When you’re developing a new product or service, setting the price can feel like a balancing act. Too expensive, and you might price out some of your most valuable customers. Too cheap, and your product may be seen as a budget or low-end option, limiting your reach. So how do you strike a balance? The first step in setting a price is always to discover your baseline pricing. This means the amount you need to charge to recoup your development costs and break even on each sale. From there, you can use several strategies to arrive at the correct pricing for your product.
Of course, setting the price of a product isn’t always as straightforward as assessing cost and adding a profit margin. There are many factors at play. You have to consider the value you’re delivering, the position of your brand in the market, and your competitors’ pricing strategies.
All of these factors should allow you to arrive at a single price for your product or service, but don’t forget that nothing is set in stone. It’s here that small-scale pilots and pricing trials can help you understand the potential of a particular price point or pricing strategy. Just remember that, once you hit the mass market, it can be very tough to make significant pricing changes without upsetting existing customers.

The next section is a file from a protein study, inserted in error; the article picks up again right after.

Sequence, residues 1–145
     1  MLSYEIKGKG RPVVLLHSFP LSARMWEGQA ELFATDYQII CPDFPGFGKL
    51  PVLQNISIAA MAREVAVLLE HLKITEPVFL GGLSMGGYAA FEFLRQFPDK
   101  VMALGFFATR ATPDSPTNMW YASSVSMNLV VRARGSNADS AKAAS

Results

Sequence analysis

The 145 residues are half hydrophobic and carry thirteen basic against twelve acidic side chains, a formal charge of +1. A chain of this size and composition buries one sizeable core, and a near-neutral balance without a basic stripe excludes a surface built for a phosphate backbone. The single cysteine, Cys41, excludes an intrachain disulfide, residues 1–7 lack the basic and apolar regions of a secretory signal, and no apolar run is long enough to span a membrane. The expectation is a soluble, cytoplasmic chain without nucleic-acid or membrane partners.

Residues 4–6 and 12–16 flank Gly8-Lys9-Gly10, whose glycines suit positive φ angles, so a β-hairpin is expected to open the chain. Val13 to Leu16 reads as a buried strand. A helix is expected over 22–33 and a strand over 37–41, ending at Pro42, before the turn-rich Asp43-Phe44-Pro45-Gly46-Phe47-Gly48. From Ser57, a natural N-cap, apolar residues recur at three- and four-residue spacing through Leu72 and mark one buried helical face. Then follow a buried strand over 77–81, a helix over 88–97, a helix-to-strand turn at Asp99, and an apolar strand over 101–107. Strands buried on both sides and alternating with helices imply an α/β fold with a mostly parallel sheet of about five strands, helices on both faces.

Generally speaking, you can calculate your selling price like this:
Cost price + profit margin
In this case, the profit margin is a percentage of the cost price you decide you’d like to make in return. So, as a basic example, if your product costs $100 to develop, you could add a 40% profit margin to arrive at a selling price of $140.
Here are a few key strategies you can leverage when setting the price of your product or service:
Competitor-based pricing refers to the process of taking into account the price charged by your immediate competition, averaging it out, and pricing your product either higher or lower depending on your positioning in the market.
Cost-plus pricing is the gold standard of product pricing. It refers to the classic formula of selling price calculation: taking your product cost and adding the desired profit margin as a percentage of that cost.
Value-based pricing is a little more nebulous than the other strategies we’ve looked at because the product’s price is based on the value it delivers to the customer — not just the raw cost plus margin. Value is highly subjective, meaning brands positioned at the top of the market may charge far higher prices for a product that is objectively the same as a lower-priced one.
Target costing is almost the reverse of cost-plus pricing. It looks to devise a target cost rather than a target price. Target costing works by taking the desired profit margin from a target market price to deliver a goal cost price for the product.